‘Super Fungus’ Reported in COVID-19 Patients

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Super fungus Candida Auris
Fluorescence microscopy image illustrating morphology of C. auris; image: João Nóbrega Almeida Júnior/UNIFESP

Rising cases of multi-drug resistant ‘super fungus’ among hospitalized COVID-19 patients in the Brazilian city of Salvador.

In December 2020, the Brazilian city of Salvador reported its first case of Candida auris. Both cases of the super fungus had occurred in COVID-19 patients present in the same intensive care unit (ICU). According to the study published in the Journal of Fungi, the first patient was a 59-year-old male with a history of deep vein thrombosis. He spent 47 days in the ICU, receiving treatment for COVID-19 and associated complications. Moreover, he received steroid therapy while hospitalized. Eventually, after becoming clinically stable, he was discharged on day 49.

The second case was of a 74-year-old female patient with a history of renal disease, diabetes, and hypertension. Similar to the first case, she also received steroid therapy during her long-term stay in the COVID-19 ICU. Both patients had no history of international travel.

However, since then, the number of cases of the rare fungal infection have gradually risen in Brazil. Bases on the absence of travel history among cases and travel restrictions in Brazil during the pandemic, scientists hypothesize that the particular species of C. auris may have emerged locally in Salvador. Moreover, the species may have been present several months before the presentation of the first case.

Nine other C. auris patients have since been diagnosed at the same hospital, some colonized [with the fungus in their organism but not doing harm] and others infected

Arnaldo Colombo, study author

What is Candida auris?

The super fungus, Candida auris is one of the fungal species that can cause candidiasis in humans. It was first discovered in Tokyo in 2009 within the ear canal of a 70-year-old woman. However, it didn’t gain attention until later when it started causing outbreaks in multiple countries across the world.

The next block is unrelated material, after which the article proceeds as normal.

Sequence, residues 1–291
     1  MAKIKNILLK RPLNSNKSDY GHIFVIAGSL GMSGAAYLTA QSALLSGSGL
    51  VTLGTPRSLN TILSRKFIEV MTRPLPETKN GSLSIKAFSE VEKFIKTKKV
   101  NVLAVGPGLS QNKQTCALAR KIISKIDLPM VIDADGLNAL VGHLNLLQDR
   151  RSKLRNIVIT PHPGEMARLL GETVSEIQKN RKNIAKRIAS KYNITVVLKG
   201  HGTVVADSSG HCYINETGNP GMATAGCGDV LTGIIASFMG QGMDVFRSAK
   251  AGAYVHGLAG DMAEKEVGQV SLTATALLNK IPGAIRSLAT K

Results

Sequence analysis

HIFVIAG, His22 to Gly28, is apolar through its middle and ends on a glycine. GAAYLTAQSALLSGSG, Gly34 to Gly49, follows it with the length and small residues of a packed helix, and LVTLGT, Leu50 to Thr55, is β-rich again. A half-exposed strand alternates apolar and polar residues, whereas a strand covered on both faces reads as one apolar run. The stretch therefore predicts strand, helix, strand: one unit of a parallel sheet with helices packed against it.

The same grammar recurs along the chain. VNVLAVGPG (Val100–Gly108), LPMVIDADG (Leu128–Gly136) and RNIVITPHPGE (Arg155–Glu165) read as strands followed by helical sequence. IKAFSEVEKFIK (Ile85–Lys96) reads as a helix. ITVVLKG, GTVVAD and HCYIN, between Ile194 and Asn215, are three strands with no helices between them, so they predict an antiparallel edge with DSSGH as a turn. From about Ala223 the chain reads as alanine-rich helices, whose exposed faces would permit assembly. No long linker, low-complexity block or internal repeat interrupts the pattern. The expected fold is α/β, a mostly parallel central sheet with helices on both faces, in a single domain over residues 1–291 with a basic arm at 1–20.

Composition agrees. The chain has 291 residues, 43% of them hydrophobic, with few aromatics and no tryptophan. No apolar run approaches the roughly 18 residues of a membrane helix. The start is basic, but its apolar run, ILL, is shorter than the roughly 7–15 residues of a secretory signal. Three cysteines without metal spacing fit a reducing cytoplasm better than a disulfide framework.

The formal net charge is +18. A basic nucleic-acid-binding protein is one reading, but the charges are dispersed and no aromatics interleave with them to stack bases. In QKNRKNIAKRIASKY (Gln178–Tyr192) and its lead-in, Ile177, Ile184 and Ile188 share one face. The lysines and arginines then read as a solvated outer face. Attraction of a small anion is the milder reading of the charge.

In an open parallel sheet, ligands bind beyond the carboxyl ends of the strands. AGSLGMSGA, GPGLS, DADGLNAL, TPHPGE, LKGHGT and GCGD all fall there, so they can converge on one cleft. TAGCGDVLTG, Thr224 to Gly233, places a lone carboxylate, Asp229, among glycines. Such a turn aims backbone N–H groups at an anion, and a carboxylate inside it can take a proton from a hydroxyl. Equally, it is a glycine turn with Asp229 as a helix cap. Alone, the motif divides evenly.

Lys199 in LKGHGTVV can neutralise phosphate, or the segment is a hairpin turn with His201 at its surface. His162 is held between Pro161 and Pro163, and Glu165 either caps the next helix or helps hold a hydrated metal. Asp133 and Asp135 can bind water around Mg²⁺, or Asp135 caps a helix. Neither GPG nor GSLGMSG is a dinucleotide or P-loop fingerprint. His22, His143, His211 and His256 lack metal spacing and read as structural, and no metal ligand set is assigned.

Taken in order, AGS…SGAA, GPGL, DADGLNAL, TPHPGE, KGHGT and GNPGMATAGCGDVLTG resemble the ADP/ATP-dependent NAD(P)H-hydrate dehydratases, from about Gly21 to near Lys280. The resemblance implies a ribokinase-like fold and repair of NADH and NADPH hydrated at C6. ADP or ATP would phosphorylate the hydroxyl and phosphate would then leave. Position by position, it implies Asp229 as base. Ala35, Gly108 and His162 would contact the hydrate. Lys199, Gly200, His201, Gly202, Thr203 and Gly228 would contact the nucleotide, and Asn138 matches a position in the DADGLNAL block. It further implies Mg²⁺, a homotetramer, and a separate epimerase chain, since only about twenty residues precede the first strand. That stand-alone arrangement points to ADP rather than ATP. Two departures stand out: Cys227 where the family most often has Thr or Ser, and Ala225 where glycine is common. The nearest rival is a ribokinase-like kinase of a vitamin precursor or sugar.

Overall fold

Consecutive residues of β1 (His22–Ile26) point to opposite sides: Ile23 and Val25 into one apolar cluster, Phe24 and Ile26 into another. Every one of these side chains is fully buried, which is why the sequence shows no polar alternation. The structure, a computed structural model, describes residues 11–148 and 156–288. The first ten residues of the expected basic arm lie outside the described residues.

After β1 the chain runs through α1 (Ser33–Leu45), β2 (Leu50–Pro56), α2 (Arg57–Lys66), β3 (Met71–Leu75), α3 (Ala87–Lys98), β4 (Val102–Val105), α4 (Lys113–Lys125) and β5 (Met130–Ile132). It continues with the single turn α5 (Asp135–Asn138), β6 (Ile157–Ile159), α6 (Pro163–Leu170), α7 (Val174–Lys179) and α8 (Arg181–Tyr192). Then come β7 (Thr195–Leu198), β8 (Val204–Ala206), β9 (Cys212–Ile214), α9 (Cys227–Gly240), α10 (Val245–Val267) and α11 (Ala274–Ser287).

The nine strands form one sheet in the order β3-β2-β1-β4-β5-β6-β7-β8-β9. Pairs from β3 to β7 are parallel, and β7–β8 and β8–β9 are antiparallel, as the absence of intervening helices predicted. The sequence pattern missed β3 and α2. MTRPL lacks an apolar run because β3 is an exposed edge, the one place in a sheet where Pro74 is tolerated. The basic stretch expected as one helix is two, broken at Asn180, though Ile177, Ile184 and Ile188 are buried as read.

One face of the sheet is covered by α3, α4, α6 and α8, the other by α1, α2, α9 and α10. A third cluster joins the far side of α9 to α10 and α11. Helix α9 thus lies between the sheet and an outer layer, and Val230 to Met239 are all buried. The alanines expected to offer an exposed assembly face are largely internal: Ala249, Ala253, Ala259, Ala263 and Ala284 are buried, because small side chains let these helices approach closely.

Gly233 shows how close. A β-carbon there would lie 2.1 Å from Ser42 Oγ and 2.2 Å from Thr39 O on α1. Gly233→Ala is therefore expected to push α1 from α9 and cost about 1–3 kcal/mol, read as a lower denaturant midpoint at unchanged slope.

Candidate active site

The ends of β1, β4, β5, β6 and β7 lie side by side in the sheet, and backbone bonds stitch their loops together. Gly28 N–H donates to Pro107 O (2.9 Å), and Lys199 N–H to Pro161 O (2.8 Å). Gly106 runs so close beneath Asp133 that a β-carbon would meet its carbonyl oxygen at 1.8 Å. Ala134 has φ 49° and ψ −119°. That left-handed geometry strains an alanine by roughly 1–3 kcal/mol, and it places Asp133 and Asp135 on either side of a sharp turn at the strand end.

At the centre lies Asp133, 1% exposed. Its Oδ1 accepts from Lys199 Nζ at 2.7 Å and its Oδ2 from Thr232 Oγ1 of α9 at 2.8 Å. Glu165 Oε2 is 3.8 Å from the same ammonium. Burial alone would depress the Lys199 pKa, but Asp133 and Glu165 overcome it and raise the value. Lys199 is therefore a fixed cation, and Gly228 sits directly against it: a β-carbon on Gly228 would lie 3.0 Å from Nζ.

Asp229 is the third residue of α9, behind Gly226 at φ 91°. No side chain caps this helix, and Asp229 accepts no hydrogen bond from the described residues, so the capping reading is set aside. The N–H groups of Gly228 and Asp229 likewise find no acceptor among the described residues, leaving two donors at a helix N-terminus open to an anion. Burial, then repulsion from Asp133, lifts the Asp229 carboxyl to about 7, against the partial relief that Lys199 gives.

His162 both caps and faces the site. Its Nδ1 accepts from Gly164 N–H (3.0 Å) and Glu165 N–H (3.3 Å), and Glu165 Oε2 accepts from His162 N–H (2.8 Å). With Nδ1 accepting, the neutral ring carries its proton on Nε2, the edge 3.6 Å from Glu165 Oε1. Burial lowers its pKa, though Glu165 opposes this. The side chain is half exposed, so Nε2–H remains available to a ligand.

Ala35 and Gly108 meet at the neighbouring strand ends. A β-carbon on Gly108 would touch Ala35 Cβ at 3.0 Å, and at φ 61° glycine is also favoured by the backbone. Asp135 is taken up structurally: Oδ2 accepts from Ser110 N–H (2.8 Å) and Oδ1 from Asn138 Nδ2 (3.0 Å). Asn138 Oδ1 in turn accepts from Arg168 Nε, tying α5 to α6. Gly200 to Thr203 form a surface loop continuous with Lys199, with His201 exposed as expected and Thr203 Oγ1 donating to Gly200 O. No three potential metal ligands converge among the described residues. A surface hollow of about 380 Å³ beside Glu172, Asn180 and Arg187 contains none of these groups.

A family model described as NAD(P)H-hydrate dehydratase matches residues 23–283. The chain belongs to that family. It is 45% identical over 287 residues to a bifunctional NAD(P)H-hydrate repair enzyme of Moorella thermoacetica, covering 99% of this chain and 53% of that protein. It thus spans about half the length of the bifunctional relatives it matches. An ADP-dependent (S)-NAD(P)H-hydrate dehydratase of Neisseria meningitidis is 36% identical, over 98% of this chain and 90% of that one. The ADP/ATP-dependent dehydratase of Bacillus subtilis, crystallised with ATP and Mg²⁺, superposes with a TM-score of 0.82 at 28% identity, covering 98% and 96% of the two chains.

The fungus typically causes infections in hospitalized patients with weakened immune systems. Furthermore, it is resistant to multiple antifungal drugs. Thus, making it a global health concern.

The species quickly become resistant to multiple drugs and isn’t very sensitive to the disinfectants used by hospitals and clinics. As a result, it’s able to persist in hospitals, where it colonizes health workers and ends up infecting patients with severe COVID-19 and other long-stay critical patients.

Arnaldo Colombo, study author

However, C. auris is not the only fungal infection posing a threat to COVID-19 patients. Several reports of the rare black fungus infection have also come forward in India and Pakistan. Researchers believe factors such as long hospital stays along with the irrational use of antibiotics and steroids play a major role in the development of fungal infections among COVID-19 patients.

Reference:

de Almeida JN Jr., Francisco EC, Hagen F, Brandão IB, Pereira FM, Presta Dias PH, de Miranda Costa MM, de Souza Jordão RT, de Groot T, Colombo AL. Emergence of Candida auris in Brazil in a COVID-19 Intensive Care Unit. Journal of Fungi. 2021; 7(3):220. https://doi.org/10.3390/jof7030220

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